weconnect – Audrey Connor Interview, Part 2

This post is part of my series on the 2014 Gay Christian Network conference. EEWC-Christian Feminism Today is partnering with GCN to present GCN’s 2014 weconnect Women’s Retreat. Complete information on the conference can be found hereMy introduction to the conference and the weconnect Women’s Retreat can be found here.

Rev. Audrey Connor
Reverend Audrey Connor

Earlier this week I introduced you to Reverend Audrey Connor, the featured presenter for the 2014 GCN weconnect Women’s Retreat. Audrey and I corresponded via email early in December. She graciously provided thoughtful answers to my questions. I posted the first segment of our three part interview yesterday, this is the second.  My questions are in bold, Audrey’s answers are in regular type.

Audrey, I loved this line you wrote, “I realize the irony of ministry is that after you learn what gifts you have, then you have to learn to give them away.” Beautifully said. I think that’s the irony of life itself. 

That’s why I’m not hip on all this “commit your life to Jesus” stuff people throw at children and teens. The young people haven’t even learned what life is, and already someone is pressuring them to give it away. How hard is it giving away something you don’t really even know? 

But the same request takes on much more meaning when you are older. When you have fully experienced what your life could be, when you have realized what lives other people have (with things and money and fame), then is the time to ask someone to give all that to God. That’s when you’ll get a real answer, because that’s when you’ll know what may have to be surrendered.

My thoughts: true enough! So much of life is about learning who you are. To tell you the truth, I did not grow up in the evangelical church where there is pressure to have a “born again” experience. I wasn’t asked to emotionally and spiritually give my life up to God. I think that is what you are referring to. But it is still interesting to me.

Often I think about attending church camp at Camp Christian in Ohio as a middle school kid. It is one of the strongest camp programs in our denomination (Disciples of Christ). While we did not do “altar calls” as a ritual, we did have spiritually powerful consecration services every Friday night—they were the culmination of each week. I remember the tears that were shed every Friday night by both counselors and campers. The ethos that was created was one of unconditional love, and many of the kids cried to say good-bye for the year to those positive camp relationships where God’s love was shown through everyone present.

At least that is what I thought as a kid. As I get older, I wonder if there is not just some hormonal thing at work for pubescent kids!

I realize that my camp experience may parallel more evangelical camp and retreat experiences. I think there is probably one big difference, though, and that is the existence of hell (I was raised without an understanding that I needed to be “saved” because God loves us all). I think we do kids a disservice when we ask them to give everything to God before they really know what “everything” is.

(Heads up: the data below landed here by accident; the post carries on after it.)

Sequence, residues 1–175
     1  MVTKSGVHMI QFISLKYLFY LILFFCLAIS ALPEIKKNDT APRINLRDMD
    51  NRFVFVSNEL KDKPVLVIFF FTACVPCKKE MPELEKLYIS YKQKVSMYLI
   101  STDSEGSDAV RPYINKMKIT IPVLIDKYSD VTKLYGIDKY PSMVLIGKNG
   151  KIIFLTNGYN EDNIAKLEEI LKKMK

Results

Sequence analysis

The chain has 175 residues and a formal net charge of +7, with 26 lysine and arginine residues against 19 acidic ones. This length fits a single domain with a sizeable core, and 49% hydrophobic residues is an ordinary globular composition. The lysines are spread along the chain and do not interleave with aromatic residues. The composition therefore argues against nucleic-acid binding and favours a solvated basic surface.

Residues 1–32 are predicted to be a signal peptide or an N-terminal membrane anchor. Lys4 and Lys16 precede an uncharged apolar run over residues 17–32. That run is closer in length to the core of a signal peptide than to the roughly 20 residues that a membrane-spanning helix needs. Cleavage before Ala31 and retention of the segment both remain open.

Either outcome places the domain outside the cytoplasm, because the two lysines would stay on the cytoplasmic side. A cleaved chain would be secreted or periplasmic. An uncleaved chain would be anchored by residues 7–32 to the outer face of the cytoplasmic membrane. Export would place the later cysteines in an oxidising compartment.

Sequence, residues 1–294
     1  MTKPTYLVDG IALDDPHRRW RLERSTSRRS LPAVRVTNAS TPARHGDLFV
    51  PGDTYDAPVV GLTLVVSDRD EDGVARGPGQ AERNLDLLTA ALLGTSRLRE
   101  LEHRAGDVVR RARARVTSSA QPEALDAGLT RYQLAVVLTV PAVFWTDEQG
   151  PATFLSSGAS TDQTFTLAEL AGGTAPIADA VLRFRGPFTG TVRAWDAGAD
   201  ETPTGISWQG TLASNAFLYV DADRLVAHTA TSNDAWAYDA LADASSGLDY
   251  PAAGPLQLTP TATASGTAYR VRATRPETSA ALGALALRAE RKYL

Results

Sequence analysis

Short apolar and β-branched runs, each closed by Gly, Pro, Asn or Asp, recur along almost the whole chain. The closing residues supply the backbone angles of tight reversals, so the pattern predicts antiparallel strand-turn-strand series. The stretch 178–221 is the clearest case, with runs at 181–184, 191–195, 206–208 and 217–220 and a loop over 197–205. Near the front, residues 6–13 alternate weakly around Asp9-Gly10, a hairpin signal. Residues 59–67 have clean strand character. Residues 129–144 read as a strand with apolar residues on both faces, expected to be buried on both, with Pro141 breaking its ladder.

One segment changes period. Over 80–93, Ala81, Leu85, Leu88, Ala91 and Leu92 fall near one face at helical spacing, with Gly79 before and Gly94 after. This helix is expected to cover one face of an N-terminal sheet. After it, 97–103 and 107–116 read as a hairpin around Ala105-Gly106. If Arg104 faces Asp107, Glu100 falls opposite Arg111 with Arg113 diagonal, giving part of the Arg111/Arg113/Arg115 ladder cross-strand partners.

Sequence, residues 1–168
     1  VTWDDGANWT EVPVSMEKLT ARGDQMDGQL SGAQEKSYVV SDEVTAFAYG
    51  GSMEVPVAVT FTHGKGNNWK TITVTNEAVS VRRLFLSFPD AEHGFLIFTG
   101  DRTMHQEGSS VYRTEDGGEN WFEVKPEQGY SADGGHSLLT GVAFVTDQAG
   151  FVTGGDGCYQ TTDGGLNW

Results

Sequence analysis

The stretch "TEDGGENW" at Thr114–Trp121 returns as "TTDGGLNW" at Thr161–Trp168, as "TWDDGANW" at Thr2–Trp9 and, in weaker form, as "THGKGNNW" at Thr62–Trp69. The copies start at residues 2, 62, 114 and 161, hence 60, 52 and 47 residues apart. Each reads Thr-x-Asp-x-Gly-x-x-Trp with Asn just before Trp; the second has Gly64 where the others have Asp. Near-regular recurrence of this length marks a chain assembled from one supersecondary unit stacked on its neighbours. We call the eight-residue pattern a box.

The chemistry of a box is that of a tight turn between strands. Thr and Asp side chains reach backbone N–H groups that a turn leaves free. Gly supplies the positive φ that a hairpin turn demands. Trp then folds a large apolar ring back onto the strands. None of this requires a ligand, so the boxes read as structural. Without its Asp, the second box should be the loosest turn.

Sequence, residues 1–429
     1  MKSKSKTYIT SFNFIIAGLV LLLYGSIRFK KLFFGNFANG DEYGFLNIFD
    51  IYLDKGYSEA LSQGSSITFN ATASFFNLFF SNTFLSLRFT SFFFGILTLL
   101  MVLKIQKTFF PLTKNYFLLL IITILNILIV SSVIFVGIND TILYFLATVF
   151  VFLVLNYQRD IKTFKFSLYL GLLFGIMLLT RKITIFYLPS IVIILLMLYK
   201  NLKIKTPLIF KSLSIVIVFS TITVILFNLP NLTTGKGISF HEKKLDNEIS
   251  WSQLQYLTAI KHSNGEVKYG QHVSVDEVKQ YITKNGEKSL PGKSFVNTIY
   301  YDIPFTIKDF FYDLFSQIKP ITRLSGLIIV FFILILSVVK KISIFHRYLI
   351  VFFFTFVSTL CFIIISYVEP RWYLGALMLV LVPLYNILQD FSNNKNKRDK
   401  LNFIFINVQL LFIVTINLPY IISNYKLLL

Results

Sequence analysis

When I baptize people into Christian faith, I try to instill that the commitment they make is a life-long commitment of discovering and offering. We Disciples do “believers baptism,” which means usually we baptize kids after a baptism class, around 5th grade or so.

The truth is that whether you say you want to be a Christian at age 12 or age 36, you still don’t understand the commitment you are making. But at some point, you have to begin.

I notice you are careful to use inclusive language. Do you ever use gendered pronouns to refer to God? Does your concept of God include gender? Why is the use of inclusive language important to you?

I am careful to use inclusive language of God for many reasons.

First and foremost, I think male pronouns can get in the way, blocking some people who do not identify with God as a male from being able to take in my words.

Second, my understanding is that the Hebrew Bible (Old Testament) does not use much gendered language for God. The gendered pronouns pop up a lot more in the New Testament. The most compelling example is when Jesus prays to his daddy – Abba. As I understand that scriptural term, Jesus was trying to demonstrate His direct line to God, and God’s immanent presence.

Finally, what strikes me most throughout scripture is the portrayal that God is too great to be named, even as God is so very close to us. In fact, when Moses asked God for God’s name, God responds, “I am who I am.” In Hebrew, YAHWEH can be also interpreted in the past or future tense, thus: “I will be who I will be,” or “I was who I was!”